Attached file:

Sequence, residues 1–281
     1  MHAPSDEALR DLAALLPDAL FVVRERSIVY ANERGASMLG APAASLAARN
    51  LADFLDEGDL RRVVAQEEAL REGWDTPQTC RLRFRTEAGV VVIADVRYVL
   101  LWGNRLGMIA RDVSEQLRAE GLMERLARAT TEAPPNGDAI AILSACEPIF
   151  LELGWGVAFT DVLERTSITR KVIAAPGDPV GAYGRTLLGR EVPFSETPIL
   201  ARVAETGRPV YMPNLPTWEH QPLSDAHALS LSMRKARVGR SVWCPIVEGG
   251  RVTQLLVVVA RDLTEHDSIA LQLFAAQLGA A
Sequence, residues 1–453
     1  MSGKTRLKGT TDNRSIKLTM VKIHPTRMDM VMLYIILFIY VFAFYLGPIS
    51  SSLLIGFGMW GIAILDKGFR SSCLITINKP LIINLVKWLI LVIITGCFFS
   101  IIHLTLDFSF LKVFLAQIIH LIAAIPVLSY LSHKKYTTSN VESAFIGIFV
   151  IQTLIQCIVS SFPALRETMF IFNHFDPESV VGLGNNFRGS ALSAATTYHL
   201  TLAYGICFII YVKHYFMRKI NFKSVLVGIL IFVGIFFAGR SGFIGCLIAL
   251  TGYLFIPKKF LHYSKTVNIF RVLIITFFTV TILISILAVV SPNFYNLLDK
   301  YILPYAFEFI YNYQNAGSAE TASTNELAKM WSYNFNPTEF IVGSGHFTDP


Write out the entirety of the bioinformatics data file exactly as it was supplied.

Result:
Sequence, residues 1–281
     1  MHAPSDEALR DLAALLPDAL FVVRERSIVY ANERGASMLG APAASLAARN
    51  LADFLDEGDL RRVVAQEEAL REGWDTPQTC RLRFRTEAGV VVIADVRYVL
   101  LWGNRLGMIA RDVSEQLRAE GLMERLARAT TEAPPNGDAI AILSACEPIF
   151  LELGWGVAFT DVLERTSITR KVIAAPGDPV GAYGRTLLGR EVPFSETPIL
   201  ARVAETGRPV YMPNLPTWEH QPLSDAHALS LSMRKARVGR SVWCPIVEGG
   251  RVTQLLVVVA RDLTEHDSIA LQLFAAQLGA A
Sequence, residues 1–453
     1  MSGKTRLKGT TDNRSIKLTM VKIHPTRMDM VMLYIILFIY VFAFYLGPIS
    51  SSLLIGFGMW GIAILDKGFR SSCLITINKP LIINLVKWLI LVIITGCFFS
   101  IIHLTLDFSF LKVFLAQIIH LIAAIPVLSY LSHKKYTTSN VESAFIGIFV
   151  IQTLIQCIVS SFPALRETMF IFNHFDPESV VGLGNNFRGS ALSAATTYHL
   201  TLAYGICFII YVKHYFMRKI NFKSVLVGIL IFVGIFFAGR SGFIGCLIAL
   251  TGYLFIPKKF LHYSKTVNIF RVLIITFFTV TILISILAVV SPNFYNLLDK
   301  YILPYAFEFI YNYQNAGSAE TASTNELAKM WSYNFNPTEF IVGSGHFTDP